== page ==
Viewing 6 reply threads
  • Author
    Posts
    • #7856
      MIA6
      Participant

      In asexual reproduction, a parent ameba divides into two daughter amebas, so then this parent ameba dies?
      thanks.

    • #74001
      Khaiy
      Participant

      It’s going to be hard to visualize if you think of it like that. Here’s how I picture it: The parent amoeba copies its genetic material, and then splits in half. Each half has one complete set of the genetic material, and each half is a fully functioning amoeba. Does that help at all? I can try to clarify further.

    • #74002
      February Beetle
      Participant

      That is very hard to explain. I think it is one of those things were you have to figure out for yourself if you think that you can call splitting in two as the original dying. It is kind of the same way that you think about our DNA splitting during Meiosis. Does that mean that our DNA is as old as all life, or do we call it new?

      *Hope this wasn’t too confusing, my mind is jumbled most of the time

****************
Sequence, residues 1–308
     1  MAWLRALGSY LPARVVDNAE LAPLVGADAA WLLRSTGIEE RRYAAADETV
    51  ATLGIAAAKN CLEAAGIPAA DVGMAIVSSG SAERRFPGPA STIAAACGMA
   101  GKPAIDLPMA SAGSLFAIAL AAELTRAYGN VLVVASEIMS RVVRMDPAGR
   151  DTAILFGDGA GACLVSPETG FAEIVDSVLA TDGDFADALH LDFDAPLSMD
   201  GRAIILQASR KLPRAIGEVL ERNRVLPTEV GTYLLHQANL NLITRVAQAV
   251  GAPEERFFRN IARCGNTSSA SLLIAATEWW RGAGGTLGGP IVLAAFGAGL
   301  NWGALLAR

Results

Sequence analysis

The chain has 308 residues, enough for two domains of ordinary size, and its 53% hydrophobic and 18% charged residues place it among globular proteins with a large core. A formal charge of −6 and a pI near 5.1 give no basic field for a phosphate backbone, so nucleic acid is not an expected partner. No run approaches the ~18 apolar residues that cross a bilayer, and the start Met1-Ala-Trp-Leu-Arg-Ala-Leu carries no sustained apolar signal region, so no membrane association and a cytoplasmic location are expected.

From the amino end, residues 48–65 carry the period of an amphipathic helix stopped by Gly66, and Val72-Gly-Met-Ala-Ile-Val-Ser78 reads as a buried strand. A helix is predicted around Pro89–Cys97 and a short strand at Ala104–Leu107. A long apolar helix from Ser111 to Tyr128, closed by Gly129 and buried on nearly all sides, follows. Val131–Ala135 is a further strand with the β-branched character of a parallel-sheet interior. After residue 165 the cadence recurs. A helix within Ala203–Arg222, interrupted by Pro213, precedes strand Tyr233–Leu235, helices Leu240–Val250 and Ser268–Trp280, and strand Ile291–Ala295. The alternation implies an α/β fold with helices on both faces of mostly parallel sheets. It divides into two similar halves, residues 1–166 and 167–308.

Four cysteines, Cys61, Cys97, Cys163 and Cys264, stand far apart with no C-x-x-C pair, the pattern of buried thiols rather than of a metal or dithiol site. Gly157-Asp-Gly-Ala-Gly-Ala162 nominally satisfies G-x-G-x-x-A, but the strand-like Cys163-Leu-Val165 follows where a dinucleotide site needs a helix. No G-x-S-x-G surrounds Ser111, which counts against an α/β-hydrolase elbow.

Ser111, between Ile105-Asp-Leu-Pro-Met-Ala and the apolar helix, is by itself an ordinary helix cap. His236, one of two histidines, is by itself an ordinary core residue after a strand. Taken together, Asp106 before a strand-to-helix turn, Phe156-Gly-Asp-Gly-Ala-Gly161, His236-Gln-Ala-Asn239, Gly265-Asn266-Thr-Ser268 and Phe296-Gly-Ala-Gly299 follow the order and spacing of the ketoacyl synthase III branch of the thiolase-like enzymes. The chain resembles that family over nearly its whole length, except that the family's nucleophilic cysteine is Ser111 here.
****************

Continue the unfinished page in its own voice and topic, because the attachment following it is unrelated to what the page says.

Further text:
• #74057
      Darby
      Participant

      It does present an interesting question – how old is an ameba?

      Did its life begin at the last division, or when the first ameba evolved?

    • #74066
      david23
      Participant

      yeah how long can these unicellular organisms live by constantly dividing. No one ever answered that.

    • #74429
      Heronumber0
      Participant

      Isn’t it the same with humans or with any other organism such as viruses? There seems to be a regression in each.

    • #74450
      Darby
      Participant

      Consider what you’re suggesting – if it had any validity, after a few billion years of dividing there would be no unicellular organisms, but they both outnumber and outweight the multicellular ones.

Viewing 6 reply threads
  • You must be logged in to reply to this topic.